By By Celina Kareiva, Senior Communications Associate, BID Initiative
The BID Initiative has just released an exciting new publication that will benefit other countries interested in implementing their own electronic immunization registries (EIRs). In the new journal article, “Electronic immunization registries in Tanzania and Zambia: Shaping a minimum viable product for scaled solutions,” which appeared in the multi-disciplinary, open-access journal, Frontiers in Public Health, BID hopes to help other countries avoid the costly, time-consuming, and complex ramp-up often required of these digital platforms.
EIRs have been shown to improve the quality, availability, and accessibility of routine immunization data so that health workers can make more informed actions based on the information at their fingertips. EIRs help health workers track children who have missed vaccines, identify coverage rates, and improve the timeliness of immunization. BID worked with governments of Tanzania and Zambia to design, develop, introduce, and scale an EIR in both countries. In the process, BID also defined a comprehensive set of system requirements to ensure that both countries’ EIRs meet the needs of the health workers using them.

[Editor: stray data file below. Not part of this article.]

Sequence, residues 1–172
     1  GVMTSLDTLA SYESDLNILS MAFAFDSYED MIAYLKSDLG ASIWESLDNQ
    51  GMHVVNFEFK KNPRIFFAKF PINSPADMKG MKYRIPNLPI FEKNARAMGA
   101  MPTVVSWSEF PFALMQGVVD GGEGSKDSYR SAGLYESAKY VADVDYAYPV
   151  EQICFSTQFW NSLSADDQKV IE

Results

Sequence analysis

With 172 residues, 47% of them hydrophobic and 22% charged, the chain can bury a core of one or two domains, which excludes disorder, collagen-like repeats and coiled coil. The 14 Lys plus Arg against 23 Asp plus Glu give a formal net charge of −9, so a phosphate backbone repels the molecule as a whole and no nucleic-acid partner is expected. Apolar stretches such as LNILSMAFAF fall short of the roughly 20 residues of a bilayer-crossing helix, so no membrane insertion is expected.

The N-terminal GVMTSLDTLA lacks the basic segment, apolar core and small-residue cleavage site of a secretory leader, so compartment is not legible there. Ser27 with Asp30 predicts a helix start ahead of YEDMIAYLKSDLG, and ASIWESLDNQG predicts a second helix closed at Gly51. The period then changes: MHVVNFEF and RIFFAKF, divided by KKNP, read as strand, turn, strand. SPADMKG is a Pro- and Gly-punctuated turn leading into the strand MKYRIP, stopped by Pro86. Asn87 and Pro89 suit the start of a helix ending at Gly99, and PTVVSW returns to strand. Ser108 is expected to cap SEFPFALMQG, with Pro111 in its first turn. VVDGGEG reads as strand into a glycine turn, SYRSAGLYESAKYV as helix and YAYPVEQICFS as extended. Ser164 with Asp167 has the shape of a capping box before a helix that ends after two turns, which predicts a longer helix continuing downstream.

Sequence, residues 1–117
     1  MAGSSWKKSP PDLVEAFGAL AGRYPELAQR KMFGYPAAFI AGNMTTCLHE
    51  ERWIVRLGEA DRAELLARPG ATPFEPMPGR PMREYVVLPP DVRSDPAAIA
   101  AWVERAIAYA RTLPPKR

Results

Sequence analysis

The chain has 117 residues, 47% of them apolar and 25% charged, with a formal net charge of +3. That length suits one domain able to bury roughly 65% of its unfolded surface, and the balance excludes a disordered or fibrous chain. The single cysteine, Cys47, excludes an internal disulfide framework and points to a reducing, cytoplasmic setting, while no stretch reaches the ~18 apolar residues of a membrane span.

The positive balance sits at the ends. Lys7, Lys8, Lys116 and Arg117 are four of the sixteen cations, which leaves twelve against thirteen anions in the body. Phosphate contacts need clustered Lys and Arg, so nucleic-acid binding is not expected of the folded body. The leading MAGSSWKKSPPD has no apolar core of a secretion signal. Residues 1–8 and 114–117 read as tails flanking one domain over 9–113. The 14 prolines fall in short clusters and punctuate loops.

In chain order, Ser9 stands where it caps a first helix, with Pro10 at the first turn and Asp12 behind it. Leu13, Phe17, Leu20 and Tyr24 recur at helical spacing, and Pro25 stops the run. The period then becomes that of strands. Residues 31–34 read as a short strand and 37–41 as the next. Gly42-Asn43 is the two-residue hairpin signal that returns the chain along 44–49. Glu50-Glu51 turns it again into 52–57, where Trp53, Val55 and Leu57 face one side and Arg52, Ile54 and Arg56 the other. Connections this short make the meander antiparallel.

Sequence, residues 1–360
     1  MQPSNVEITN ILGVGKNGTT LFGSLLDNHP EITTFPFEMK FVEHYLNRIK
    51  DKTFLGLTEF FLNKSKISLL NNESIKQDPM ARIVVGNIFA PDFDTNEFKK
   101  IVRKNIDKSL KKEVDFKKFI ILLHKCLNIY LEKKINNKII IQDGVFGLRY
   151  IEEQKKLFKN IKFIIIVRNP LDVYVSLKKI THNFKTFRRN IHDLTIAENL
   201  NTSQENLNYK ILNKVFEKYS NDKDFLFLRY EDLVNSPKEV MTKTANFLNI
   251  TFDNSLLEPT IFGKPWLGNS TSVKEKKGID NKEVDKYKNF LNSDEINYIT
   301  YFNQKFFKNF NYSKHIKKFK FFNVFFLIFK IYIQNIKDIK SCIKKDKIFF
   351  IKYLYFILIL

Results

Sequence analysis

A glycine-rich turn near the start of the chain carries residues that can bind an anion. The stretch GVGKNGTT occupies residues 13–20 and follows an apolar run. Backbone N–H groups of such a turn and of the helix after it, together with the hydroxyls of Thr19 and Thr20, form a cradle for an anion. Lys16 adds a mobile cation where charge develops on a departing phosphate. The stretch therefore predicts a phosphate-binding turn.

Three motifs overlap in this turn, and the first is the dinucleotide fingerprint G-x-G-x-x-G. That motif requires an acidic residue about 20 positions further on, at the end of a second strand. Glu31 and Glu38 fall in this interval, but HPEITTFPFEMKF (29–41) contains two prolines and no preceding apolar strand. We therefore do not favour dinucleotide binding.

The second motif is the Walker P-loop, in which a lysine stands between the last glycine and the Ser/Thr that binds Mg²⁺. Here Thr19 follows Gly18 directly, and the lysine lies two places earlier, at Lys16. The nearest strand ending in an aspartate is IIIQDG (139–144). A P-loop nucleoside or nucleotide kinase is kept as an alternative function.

System requirements are the building blocks that define the different capabilities of the system, allowing it to run smoothly and efficiently. Over the course of five years, BID invested in four different systems before eventually arriving at two solutions now in use in Tanzania and Zambia. As a result of this software development process, BID achieved a platform that provides cutting edge technology and serves as a minimum viable product (MVP) needed to ensure a usable EIR. Through the development process a set of requirements were identified for the successful initial deployment of an EIR, which fit into five thematic areas of functionality, including vaccine administration, client management, stock management, reports, and registration and search requirements.
The learnings and best practices identified throughout the process promise to benefit other countries interested in introducing an EIR or other health service registry. To learn more, read the full article in Frontiers in Public Health.
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